Real-time fluorescent imaging guides kidney cancer surgery
L-R: UNC Cancer Care urologic surgeons Mathew Raynor, MD, and Michael Woods, MD, completed the first surgeries in the Triangle using a new near-infrared fluorescence imaging guided system.
CHAPEL HILL, N.C. – UNC Cancer Care urologic surgeons Mathew Raynor, MD, and Michael Woods, MD, completed the first surgeries in the Triangle using a new near-infrared fluorescence imaging guided system with the da Vinci Si Surgical System this week.
The specially designed camera and endoscopes allow Raynor, Woods, and other UNC urologic surgeons to capture real-time images of kidney tissue and surrounding blood vessels by injecting a unique fluorescence dye that is activated by near-infrared light.
“When we are removing a tumor, there is always a concern about surgical margins,” said Woods. “The field of vision offered by this technology may allow us to better identify the demarcation between normal tissue and cancerous tissue in the kidney.”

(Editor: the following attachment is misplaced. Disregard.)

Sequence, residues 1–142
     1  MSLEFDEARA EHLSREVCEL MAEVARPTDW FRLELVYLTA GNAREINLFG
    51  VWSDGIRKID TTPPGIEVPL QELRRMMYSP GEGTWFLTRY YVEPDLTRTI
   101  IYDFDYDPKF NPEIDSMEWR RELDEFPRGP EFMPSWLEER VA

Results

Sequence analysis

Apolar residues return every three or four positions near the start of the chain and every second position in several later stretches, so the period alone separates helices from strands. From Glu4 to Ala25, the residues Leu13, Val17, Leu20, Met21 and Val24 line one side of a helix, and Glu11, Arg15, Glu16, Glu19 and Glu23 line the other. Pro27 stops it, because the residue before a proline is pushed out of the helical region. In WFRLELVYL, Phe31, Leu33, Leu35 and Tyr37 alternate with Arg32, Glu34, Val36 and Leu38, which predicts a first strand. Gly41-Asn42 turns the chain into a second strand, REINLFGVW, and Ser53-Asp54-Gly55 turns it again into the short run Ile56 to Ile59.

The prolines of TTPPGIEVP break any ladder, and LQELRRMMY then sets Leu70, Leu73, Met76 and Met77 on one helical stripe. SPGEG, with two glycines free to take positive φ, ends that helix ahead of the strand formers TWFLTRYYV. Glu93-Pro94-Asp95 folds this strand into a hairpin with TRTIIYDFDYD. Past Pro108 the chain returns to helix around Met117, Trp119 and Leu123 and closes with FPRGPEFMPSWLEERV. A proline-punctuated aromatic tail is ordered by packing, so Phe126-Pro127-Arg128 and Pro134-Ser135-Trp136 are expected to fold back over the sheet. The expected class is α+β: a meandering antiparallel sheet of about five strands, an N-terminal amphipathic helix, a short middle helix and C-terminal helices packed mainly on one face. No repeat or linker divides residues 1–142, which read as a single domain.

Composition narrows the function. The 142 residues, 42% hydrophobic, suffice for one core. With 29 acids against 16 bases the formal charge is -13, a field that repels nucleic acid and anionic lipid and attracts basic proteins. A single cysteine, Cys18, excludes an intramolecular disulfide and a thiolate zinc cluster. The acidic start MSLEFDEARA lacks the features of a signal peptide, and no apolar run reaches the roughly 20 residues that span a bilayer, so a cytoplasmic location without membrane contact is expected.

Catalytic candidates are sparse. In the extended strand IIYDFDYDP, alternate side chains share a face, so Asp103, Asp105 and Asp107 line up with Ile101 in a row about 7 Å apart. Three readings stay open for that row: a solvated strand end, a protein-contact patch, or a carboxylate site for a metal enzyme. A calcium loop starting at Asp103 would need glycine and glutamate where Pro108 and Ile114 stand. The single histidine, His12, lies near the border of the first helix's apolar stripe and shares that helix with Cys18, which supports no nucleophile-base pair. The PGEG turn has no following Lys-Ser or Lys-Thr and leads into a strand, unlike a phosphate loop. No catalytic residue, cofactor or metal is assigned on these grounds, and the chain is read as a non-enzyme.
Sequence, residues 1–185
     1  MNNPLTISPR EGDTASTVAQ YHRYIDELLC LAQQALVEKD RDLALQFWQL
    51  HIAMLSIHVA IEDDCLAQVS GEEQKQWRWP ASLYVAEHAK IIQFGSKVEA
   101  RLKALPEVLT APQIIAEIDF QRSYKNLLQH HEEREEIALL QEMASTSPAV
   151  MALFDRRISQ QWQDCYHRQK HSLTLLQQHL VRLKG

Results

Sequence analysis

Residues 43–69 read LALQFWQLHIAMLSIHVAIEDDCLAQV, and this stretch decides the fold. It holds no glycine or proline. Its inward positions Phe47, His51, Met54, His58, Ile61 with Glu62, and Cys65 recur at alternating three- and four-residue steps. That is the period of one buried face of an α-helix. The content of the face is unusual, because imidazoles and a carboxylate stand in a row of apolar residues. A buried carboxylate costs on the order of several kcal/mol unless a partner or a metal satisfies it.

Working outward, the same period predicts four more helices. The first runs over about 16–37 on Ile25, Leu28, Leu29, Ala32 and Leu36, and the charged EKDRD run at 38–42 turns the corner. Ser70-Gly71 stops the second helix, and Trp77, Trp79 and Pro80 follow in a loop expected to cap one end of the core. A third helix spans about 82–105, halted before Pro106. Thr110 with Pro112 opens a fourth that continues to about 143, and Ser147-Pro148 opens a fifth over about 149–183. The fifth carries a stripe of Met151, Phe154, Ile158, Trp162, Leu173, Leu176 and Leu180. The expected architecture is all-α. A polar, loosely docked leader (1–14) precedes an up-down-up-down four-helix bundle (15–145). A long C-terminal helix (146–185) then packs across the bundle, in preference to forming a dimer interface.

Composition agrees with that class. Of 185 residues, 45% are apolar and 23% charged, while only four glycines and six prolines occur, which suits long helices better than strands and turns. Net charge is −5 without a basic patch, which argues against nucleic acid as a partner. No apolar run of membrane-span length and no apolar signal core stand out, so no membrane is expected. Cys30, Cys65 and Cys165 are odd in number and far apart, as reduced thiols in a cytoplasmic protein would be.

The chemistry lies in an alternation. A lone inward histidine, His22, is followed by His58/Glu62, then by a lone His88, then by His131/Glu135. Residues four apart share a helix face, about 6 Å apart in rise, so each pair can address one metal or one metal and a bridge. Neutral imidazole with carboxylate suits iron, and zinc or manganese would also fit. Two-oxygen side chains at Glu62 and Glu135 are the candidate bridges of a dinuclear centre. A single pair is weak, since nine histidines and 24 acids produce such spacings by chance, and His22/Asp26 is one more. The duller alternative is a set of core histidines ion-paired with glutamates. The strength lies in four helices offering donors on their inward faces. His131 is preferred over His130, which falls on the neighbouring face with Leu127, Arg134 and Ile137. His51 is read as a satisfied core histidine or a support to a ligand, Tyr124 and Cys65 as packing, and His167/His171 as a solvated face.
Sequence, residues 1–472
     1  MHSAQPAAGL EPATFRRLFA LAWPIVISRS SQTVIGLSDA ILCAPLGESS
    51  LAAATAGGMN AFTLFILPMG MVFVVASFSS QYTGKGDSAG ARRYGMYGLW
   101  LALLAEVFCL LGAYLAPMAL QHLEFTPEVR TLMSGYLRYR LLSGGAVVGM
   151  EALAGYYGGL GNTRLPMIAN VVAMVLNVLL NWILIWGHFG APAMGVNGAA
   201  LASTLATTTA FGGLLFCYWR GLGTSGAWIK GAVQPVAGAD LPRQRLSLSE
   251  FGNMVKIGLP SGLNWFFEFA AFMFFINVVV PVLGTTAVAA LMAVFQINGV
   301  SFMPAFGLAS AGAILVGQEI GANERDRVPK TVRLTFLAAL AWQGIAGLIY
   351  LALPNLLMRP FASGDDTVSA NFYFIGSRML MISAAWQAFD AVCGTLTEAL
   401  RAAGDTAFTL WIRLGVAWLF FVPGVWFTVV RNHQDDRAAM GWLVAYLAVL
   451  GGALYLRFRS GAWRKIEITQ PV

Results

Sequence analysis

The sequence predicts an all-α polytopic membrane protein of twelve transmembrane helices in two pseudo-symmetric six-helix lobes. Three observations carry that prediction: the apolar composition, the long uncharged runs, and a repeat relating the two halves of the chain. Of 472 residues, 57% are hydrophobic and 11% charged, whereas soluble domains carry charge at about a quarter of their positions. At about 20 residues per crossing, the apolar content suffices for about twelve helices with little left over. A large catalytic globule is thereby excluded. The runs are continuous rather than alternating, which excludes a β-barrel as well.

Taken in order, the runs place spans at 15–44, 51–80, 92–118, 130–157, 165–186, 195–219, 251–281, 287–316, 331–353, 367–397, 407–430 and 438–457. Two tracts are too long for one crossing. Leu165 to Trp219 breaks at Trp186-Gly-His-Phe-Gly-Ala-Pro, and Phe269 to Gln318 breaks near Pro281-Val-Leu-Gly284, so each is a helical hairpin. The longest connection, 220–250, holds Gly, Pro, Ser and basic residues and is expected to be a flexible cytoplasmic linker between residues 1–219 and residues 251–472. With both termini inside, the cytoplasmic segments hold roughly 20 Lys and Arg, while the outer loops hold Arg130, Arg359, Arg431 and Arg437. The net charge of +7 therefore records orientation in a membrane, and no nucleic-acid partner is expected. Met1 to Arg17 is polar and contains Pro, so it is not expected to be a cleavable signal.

The surgeons also noted that the fluorescence enables them to better visualize blood flow in the kidney during surgery. They can then use a surgical technique called selective arterial clamping to assist in the removal of cancerous tissue while sparing more normal tissue and preventing damage to healthy parts of the kidney.
“Robotic surgery is often a good option for patients. It is already very precise, minimally invasive, and healing times can be faster,” said Raynor. “Any technology that may further enhance surgical precision is a welcome tool.”
The new technique incorporates a 3-D HD camera that is mounted on one of the four arms of the da Vinci Si surgical robot. In addition to standard real-time images of the surgical field, the camera can switch to view the images of tissue and surrounding blood vessels illuminated by the special dye when exposed to near-infrared light.